Artisan food production: What makes food ‘artisan’?

Lingham, Sophia; Hill, Inge and Manning, Louise (2022). Artisan food production: What makes food ‘artisan’? In: Dana, L.P.; Ramadani, V.; Palalic,, R. and Salamzadeh, A. eds. Artisan and Handicraft Entrepreneurs: Past, Present and Future. Contributions to Management Science. Springer, Cham, pp. 101–117.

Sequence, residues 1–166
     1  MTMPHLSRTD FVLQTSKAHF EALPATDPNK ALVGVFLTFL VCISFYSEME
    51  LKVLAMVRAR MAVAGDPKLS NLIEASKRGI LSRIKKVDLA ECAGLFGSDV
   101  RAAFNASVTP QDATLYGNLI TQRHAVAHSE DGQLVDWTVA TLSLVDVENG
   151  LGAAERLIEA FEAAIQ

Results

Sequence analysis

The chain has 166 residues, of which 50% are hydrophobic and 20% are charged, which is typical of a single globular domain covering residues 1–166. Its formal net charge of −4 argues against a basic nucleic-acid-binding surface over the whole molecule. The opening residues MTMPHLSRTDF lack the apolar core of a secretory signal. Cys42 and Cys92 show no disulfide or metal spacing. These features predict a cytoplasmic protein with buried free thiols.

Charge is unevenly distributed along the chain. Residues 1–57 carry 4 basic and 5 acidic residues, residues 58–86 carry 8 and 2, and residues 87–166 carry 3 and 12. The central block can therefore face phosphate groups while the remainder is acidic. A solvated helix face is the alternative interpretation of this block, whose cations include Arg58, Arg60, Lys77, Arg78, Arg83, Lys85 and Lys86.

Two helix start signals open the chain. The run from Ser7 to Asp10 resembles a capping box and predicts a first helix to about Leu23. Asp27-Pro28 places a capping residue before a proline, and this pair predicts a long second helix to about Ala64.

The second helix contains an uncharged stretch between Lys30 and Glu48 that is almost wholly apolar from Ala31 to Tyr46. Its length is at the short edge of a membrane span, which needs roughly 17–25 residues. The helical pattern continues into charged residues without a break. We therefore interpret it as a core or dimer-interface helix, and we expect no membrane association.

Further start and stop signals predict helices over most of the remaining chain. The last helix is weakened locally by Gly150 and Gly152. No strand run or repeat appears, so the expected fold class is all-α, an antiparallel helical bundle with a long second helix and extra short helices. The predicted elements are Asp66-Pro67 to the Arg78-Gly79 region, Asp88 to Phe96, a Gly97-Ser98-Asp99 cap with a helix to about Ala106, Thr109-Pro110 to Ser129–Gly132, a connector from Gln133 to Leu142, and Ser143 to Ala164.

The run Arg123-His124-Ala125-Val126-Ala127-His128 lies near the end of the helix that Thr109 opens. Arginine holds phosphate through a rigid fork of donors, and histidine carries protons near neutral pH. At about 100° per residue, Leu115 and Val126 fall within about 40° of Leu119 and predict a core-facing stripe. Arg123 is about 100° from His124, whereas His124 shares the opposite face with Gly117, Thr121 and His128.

Artisan food is characterised as being made through creativity, passion and traditional methods and with traditional ingredients. John McKenna describes this as the quartet of place, product, passion and personality of the producer, with tradition being implicit rather than explicit in this description. This chapter considers the contemporary framing of artisan food and artisan producers, how the use of the term ‘artisan’ has evolved over time, and the emergent trends within the artisan food sector. The research question arising from these ideas is, Can artisan food be both innovative and traditional at the same time? The chapter discusses three food producers and critically evaluates the extent to which they fit within existing definitions of ‘artisan food’. The term ‘artisan’ can be said to be socially constructed; that is, the meaning is constantly reconstructed as new innovations are adopted and associated with place, product and producer. Artisan food needs to stand out in some contemporary way from more mass-produced food, especially as it often has higher costs of production or includes an embedded environmental or social value that the purchaser must be willing to pay for.

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